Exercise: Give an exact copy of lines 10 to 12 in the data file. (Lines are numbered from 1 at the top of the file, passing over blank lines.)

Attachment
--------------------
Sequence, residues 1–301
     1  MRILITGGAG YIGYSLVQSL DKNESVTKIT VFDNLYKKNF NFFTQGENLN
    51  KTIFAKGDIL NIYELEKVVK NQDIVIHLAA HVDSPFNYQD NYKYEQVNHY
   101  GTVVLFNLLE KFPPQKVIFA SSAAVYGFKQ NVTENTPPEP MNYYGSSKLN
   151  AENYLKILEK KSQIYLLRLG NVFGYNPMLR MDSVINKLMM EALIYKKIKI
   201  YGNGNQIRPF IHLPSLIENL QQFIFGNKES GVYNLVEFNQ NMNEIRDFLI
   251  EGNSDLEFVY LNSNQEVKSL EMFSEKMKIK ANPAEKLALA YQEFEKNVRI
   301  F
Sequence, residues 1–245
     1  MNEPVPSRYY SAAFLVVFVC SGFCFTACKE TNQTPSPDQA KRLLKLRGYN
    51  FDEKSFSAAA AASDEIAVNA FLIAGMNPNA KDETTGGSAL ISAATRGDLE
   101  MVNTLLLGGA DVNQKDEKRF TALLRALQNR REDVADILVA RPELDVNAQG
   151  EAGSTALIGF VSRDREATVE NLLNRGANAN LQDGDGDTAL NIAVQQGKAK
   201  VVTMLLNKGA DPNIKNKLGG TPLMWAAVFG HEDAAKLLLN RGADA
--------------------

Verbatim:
     1  MNEPVPSRYY SAAFLVVFVC SGFCFTACKE TNQTPSPDQA KRLLKLRGYN
    51  FDEKSFSAAA AASDEIAVNA FLIAGMNPNA KDETTGGSAL ISAATRGDLE
   101  MVNTLLLGGA DVNQKDEKRF TALLRALQNR REDVADILVA RPELDVNAQG